A drive down a pot-holed dirt road through the tiny village of Puerta de Canoas will lead you to Doña Rosita, her daughter Monica, and Monica’s daughter Celeste. The three generations of women teach culinary classes on how to make fresh tortillas, fire-roasted salsa, a fermented white cheese, and a type of burnt milk fudge known as jamoncillo de leche. We sat at brightly clothed tables set with icy hibiscus tea and molcajetes filled with fire-roasted Roma tomatoes and Serrano peppers. We added a bit of garlic and salt to our lava rock bowls and began mashing the aromatic ingredients into a piquant salsa. What a little fire can do to tomatoes and peppers! These four simple ingredients were transformed into salsa perfection. We tore pieces from hot-off-the-grill corn tortillas, dipped them into our salsa, scooped up some of Doña Rosita’s nopales (cactus) guacamole, then topped it off with a dollop of jocoque for the ultimate bite. Jocoque is an indigenous strained yogurt cheese made popular by Lebanese producers. Like Lebanese labneh, the tangy jocoque is similar to sour cream but with a slightly coarser texture, lower in fat, and containing the good bacteria that yogurt has. I quickly found this cheese addictive and began slathering it on the toasty warm tortillas. To square off our not-so-small amuse-bouches we sampled the ladies’ famous jamoncillos, decadent little burnt milk fudge balls with or without toasted pecans.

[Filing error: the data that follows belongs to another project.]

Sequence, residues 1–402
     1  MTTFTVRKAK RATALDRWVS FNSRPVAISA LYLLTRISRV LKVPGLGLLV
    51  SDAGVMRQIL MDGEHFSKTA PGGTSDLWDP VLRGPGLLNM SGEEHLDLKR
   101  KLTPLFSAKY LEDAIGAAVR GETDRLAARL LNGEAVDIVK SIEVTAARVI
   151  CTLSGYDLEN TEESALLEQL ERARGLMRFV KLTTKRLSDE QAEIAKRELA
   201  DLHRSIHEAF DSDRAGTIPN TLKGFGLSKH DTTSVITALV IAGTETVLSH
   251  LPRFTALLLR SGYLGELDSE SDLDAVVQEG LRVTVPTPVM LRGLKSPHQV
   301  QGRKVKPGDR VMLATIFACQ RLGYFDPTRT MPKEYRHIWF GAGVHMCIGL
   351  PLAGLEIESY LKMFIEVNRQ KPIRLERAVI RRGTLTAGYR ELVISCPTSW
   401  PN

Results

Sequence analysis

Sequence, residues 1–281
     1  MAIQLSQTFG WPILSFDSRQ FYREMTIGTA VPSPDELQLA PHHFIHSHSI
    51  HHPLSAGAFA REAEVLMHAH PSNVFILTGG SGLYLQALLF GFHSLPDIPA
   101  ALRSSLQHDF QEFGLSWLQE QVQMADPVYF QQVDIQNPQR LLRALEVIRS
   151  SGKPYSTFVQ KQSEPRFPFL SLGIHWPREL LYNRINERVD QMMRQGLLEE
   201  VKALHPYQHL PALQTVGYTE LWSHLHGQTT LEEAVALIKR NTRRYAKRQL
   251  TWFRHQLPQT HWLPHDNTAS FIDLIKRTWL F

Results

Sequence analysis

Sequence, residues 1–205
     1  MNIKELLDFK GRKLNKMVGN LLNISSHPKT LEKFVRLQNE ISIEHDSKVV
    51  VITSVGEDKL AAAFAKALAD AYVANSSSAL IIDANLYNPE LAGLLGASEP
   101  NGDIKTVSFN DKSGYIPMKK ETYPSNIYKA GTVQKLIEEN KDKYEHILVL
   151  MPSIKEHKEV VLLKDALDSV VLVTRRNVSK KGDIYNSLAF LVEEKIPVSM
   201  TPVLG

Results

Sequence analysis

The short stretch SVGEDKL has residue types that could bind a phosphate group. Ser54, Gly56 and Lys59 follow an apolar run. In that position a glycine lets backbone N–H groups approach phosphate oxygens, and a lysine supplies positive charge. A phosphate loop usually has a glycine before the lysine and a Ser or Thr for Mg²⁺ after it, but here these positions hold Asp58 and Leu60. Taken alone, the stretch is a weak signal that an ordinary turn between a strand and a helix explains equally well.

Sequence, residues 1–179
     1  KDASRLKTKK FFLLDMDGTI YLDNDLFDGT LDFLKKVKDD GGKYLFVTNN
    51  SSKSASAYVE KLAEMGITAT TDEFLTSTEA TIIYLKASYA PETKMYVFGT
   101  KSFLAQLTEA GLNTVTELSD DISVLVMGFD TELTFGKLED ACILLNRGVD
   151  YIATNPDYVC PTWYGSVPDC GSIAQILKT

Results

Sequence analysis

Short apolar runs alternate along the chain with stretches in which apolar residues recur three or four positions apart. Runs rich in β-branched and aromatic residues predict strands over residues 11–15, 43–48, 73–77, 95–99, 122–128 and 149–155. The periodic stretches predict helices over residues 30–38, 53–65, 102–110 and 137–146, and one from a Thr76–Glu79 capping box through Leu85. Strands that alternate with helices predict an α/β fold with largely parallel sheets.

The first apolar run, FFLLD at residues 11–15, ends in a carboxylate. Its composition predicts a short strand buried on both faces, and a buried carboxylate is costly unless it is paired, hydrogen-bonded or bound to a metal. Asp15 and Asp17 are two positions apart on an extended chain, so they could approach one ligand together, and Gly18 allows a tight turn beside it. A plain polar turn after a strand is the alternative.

A Day Trip to El Quelite